If Market-Based Solutions Are Superior to Cronyism, Why Are There So Many Cronies?

Here’s a question, concerning even small towns like Whitewater, for which the Financial Times publishes an answer: If market-based solutions are superior to cronyism, why are there so many cronies?

First, there aren’t that many cronies (or insistent insiders) in Whitewater or elsewhere, but the few there are manipulate or intimidate weak reporters at local papers into representing their numbers as though they were all the community.  So they’ll commonly speak about how Whitewater does something, when the people acting are a few insiders in a room, for example.

(The truth of Whitewater is that the adult, non-student population in town is only about half the city’s total population, and by the time one accounts for natural differences in interest, outlook, and ideology, the number of big-business lobbyists in town is actually small.  Sometimes, it seems like it’s one person, and a guy who follows along beside him dutifully – if awkwardly – carrying signs or flyers.)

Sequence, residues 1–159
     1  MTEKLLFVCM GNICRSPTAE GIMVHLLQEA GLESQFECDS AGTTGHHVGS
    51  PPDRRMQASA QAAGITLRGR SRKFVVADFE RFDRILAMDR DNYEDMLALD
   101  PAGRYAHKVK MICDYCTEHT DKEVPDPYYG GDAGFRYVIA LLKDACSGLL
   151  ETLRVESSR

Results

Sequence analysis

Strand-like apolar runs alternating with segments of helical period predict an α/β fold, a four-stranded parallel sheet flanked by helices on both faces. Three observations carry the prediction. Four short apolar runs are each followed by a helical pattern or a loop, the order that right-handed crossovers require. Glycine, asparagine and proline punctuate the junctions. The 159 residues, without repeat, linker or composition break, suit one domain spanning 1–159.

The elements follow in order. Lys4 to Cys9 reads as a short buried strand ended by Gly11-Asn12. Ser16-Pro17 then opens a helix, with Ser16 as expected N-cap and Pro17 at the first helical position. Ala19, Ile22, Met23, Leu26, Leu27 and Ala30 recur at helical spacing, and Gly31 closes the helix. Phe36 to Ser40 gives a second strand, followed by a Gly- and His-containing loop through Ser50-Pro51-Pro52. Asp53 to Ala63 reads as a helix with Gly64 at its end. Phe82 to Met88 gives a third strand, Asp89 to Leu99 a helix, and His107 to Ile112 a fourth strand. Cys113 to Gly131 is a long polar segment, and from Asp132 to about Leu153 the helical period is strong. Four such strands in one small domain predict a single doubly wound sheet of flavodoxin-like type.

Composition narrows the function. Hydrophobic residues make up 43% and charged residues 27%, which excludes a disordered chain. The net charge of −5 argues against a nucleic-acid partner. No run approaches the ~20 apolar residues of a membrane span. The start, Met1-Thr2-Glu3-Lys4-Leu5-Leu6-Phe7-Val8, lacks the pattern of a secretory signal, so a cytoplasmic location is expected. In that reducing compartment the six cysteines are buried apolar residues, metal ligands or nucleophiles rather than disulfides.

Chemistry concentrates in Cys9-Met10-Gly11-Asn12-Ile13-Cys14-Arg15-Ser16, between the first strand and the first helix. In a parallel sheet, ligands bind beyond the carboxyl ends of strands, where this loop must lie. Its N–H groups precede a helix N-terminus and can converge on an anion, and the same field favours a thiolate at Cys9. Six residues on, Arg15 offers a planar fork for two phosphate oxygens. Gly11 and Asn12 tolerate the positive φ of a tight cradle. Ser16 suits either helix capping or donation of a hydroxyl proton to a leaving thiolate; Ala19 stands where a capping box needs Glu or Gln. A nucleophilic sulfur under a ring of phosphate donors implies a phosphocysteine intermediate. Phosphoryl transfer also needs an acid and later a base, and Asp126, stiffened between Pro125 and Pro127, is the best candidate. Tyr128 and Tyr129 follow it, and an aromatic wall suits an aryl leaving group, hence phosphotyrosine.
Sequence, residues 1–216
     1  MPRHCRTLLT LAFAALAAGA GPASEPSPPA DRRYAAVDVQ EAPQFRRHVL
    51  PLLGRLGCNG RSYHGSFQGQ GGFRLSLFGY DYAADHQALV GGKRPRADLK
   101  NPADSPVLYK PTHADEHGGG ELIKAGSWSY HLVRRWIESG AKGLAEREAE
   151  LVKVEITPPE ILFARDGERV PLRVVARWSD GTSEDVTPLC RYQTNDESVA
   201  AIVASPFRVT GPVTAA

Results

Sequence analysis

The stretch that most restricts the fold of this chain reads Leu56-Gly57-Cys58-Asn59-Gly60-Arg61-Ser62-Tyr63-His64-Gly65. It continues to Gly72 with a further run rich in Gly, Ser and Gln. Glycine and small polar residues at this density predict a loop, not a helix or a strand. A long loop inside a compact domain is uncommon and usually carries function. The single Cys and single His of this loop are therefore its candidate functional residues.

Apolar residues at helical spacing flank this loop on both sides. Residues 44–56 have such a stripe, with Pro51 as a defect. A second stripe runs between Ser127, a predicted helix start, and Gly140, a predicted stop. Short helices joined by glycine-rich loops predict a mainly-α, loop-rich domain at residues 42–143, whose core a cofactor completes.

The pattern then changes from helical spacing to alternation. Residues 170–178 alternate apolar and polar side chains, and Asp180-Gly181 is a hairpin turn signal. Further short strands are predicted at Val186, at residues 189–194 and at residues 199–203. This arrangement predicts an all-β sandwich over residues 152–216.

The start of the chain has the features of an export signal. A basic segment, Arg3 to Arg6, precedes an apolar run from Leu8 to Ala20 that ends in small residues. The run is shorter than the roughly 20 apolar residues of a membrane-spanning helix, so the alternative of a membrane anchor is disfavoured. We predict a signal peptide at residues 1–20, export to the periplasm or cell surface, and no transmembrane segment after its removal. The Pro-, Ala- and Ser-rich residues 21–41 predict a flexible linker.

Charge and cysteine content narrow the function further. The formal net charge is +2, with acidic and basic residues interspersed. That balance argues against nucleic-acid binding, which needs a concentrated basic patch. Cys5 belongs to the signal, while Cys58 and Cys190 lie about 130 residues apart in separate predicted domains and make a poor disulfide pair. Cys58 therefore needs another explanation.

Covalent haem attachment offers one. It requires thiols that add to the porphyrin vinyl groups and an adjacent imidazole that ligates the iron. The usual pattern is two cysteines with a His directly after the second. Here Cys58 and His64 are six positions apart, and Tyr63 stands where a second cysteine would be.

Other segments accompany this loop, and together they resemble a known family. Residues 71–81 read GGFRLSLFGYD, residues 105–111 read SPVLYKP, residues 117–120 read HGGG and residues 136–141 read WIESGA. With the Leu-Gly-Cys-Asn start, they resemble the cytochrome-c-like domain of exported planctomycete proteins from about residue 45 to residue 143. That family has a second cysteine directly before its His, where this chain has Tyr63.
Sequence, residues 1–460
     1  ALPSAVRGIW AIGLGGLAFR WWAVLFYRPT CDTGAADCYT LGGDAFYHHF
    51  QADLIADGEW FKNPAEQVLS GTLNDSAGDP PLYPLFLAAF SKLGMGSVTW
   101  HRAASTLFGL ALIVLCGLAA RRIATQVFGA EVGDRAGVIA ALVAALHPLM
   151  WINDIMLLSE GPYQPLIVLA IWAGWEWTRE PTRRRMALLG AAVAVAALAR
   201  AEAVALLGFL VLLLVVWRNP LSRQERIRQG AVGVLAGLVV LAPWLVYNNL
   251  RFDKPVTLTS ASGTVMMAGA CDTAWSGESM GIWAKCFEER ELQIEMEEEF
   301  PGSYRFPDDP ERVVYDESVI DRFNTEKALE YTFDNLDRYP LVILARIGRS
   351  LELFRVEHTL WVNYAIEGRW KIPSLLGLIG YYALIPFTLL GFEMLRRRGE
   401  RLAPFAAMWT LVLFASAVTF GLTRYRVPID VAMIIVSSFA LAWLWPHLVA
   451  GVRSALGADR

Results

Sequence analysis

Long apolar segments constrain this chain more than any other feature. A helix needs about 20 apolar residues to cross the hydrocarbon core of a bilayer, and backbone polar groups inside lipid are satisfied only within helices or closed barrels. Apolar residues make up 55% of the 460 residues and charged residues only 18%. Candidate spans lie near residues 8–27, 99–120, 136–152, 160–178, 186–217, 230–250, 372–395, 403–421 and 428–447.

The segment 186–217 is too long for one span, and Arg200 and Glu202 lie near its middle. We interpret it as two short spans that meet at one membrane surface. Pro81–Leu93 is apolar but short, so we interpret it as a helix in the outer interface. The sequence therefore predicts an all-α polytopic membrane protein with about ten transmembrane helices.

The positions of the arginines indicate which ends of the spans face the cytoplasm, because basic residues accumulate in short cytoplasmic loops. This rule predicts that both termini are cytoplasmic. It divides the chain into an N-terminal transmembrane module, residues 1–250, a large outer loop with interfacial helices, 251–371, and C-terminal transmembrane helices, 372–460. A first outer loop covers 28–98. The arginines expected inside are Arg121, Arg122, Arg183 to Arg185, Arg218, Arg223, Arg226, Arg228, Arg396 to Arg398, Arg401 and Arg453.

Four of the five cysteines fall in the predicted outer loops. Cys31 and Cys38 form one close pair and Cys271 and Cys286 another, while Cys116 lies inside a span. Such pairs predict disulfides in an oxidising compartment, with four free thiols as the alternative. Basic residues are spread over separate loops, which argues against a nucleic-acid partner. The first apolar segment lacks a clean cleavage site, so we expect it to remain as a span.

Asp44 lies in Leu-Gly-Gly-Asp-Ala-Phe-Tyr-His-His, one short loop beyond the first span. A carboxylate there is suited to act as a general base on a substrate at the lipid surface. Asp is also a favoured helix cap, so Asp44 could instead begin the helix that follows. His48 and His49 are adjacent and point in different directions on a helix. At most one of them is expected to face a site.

Why, then, does cronyism persist, despite the greater intellectual, practical, and ethical strengths of voluntary, unaided transactions in the marketplace?

Prof. Luigi Zingales of the University of Chicago’s Booth School has the answer:

While everybody benefits from a competitive market system, nobody benefits enough to spend resources to lobby for it. Business has very powerful lobbies; competitive markets do not. The diffused constituency that is in favour of competitive markets has few incentives to mobilise in its defence.

This is where the media can play a crucial role. By gathering information on the nature and cost of cronyism and distributing it among the public at large, media outlets can reduce the power of vested interests. By exposing the distortions created by powerful incumbents, they can create the political demand for a competitive capitalism.

SeeA strong press is best defence against crony capitalism @ The Financial Times.

Needless to say, I don’t think that the traditional local press (Gazette, Daily Union, Register) or an imitation (Banner) plays this role.  On the contrary, those publications are defenders of town squires’ repeated errors.

No matter: a new informational order now arises in many small places that progressively, effectively, decisively eclipses insiders to the benefit of those towns’ broader communities.

Tomorrow: Whitewater’s Major Public Institutions Produce a Net Loss (And Why It Doesn’t Have to Be That Way).

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